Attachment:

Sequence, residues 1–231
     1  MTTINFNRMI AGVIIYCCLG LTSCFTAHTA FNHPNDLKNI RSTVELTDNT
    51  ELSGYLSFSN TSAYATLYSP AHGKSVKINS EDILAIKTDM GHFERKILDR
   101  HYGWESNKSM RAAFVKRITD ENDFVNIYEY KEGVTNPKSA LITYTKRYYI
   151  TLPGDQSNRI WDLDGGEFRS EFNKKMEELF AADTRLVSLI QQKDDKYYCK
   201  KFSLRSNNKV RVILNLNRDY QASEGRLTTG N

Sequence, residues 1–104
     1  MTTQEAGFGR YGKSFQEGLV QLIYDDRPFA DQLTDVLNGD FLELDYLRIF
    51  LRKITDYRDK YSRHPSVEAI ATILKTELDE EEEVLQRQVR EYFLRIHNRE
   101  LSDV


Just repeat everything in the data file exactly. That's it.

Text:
Sequence, residues 1–231
     1  MTTINFNRMI AGVIIYCCLG LTSCFTAHTA FNHPNDLKNI RSTVELTDNT
    51  ELSGYLSFSN TSAYATLYSP AHGKSVKINS EDILAIKTDM GHFERKILDR
   101  HYGWESNKSM RAAFVKRITD ENDFVNIYEY KEGVTNPKSA LITYTKRYYI
   151  TLPGDQSNRI WDLDGGEFRS EFNKKMEELF AADTRLVSLI QQKDDKYYCK
   201  KFSLRSNNKV RVILNLNRDY QASEGRLTTG N

Sequence, residues 1–104
     1  MTTQEAGFGR YGKSFQEGLV QLIYDDRPFA DQLTDVLNGD FLELDYLRIF
    51  LRKITDYRDK YSRHPSVEAI ATILKTELDE EEEVLQRQVR EYFLRIHNRE
   101  LSDV